Truly major changes are more likely to occur at small private colleges, for-profit colleges, and marginal schools that were struggling before the coronavirus. Pine Manor College in Massachusetts, for example, will be absorbed by Boston College. Other small private colleges will follow suit, especially in the Northeast and Midwest, as many have done in recent years. If a private college was mostly unknown outside its state and was taking on debt without getting more students, it may not be around in 2021.

Don’t expect as many closures of public schools, though. When Jeb Spaulding, the chancellor of the Vermont State Colleges System, tried to close three campuses, the response to his “politically radioactive” proposal forced him to withdraw it and resign. If Vermont, which has seen five private colleges close since 2016 and whose public system was struggling before the coronavirus, can’t close a few schools, it will be an extremely hard sell in other states. Local politicians and towns dependent on the jobs provided by the college will fight tooth and nail against closures.

More likely, some public colleges will go the route of Missouri Western State University. After financial mismanagement for years flew under the radar until the student newspaper brought it to light, MWSU cut its budget by 30 percent, reduced its full-time faculty by about a quarter, and ended dozens of majors, minors, and concentrations. It will limp on, with its 33 percent graduation rate. Public colleges can be stripped down and hollowed out, but they can’t be closed.

More federal funds also portend against public college closures. The higher ed lobby has demanded at least $47 billion more from Congress in coronavirus aid. The status quo, from that point of view, needs to be maintained. In protecting the status quo, even the basket cases are bailed out: According to Real Clear Investigations, 87 percent of the 447 colleges under “heightened cash monitoring” by the Department of Education received funding in the first round of coronavirus aid. Given how uncritically state and federal governments fund higher education, it’s unlikely that a coronavirus renewal will cleanse what plagues American colleges and universities.

Yet, perhaps some colleges deserve to die. Many of the schools now shutting down, merging, or getting hollowed out have a poor track record for graduate outcomes. They have abysmal graduation rates and high debt loads. They also struggle to maintain enrollment numbers as students have noticed the poor results and vote with their feet. Declining to save those struggling institutions could leave would-be students better off. Jettison the dead weight, and decent colleges might remain.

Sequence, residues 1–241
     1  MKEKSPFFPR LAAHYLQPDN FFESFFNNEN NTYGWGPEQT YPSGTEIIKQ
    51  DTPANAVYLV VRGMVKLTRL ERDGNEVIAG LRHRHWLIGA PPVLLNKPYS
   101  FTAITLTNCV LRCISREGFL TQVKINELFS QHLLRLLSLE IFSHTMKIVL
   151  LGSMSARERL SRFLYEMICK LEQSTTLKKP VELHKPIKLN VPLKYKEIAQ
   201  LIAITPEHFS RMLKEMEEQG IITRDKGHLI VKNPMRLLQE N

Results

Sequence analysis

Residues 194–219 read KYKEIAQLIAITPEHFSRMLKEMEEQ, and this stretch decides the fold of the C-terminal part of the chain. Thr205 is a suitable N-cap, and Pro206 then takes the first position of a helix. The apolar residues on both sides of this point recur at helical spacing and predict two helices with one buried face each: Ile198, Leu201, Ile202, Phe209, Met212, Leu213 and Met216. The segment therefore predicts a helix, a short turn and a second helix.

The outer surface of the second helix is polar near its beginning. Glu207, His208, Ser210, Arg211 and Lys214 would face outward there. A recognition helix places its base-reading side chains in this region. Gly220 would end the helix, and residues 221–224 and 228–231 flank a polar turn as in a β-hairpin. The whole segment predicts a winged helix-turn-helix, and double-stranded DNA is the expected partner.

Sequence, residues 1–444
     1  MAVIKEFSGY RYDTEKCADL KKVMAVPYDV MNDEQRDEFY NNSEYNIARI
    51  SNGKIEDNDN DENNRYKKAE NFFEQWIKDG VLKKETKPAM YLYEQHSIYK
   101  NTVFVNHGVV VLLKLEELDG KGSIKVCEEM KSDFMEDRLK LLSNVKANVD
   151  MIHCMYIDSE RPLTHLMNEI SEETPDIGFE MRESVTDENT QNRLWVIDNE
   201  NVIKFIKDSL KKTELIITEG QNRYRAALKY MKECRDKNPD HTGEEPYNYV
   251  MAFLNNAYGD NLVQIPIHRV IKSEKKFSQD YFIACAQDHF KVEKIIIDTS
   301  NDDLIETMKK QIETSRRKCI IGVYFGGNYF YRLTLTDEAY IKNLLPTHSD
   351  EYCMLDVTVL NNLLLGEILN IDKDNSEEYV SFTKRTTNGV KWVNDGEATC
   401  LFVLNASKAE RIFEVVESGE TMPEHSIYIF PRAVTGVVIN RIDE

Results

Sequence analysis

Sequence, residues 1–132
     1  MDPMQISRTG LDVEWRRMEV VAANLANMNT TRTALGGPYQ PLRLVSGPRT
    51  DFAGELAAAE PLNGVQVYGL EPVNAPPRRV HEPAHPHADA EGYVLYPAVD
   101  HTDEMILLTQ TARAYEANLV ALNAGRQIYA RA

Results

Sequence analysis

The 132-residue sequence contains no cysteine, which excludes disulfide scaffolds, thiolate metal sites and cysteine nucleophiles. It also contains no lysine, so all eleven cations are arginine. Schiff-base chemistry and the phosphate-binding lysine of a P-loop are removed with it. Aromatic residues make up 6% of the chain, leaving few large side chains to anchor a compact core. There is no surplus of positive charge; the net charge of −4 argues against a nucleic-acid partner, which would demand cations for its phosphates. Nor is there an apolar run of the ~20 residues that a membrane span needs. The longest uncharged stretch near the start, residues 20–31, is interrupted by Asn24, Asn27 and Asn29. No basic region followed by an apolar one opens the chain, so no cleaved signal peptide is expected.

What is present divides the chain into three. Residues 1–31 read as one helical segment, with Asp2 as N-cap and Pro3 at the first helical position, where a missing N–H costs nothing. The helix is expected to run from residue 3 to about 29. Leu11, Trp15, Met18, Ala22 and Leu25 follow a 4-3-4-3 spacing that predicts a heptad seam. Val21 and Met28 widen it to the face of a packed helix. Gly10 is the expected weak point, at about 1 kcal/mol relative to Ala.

Higher education does not exist in a vacuum. The ongoing changes are made based on local economic and political conditions. That makes it harder to implement good ideas, unless it’s sold as an expansion that requires more funding, not fewer administrators on campus.

The decisions are also made, increasingly, by people who all have a college degree. They see college as the only route to success; they rarely have an appetite for expanding non-college career paths. They are the ones that college was designed for. Why reform college, in their view, when the problem is not enough state funding for colleges?

Many of the proposed reforms are good ideas. My colleagues at the James G. Martin Center have offered an outline of reforms for the University of North Carolina system that many state systems could follow. The National Association of Scholars has offered an even broader, national plan for change. And the Drake Group’s ideas for athletics could lay the groundwork for restoring the primacy of academic success above some sports-obsessed schools.

Those ideas are sound, and it’s worth challenging college leaders and politicians to endorse them. However, reformers need to think about reform in terms of what to expect from decision makers and existing conditions. Reformers won’t suddenly be embraced while higher ed leaders and lobbyists cajole state and federal officials for emergency funding.

The coronavirus will not spark The Great Higher Ed Reform. Federal laws would have to change. Guardians of the status quo, like Saul on the Road to Damascus, would need the scales to fall from their eyes. And the average student would need a viable alternative that pressures colleges to change their ways. Until then, reformers will continue to fight in the trenches to change a bloated system that leaves many students worse off than before they entered.

Anthony Hennen is managing editor of the James G. Martin Center for Academic Renewal.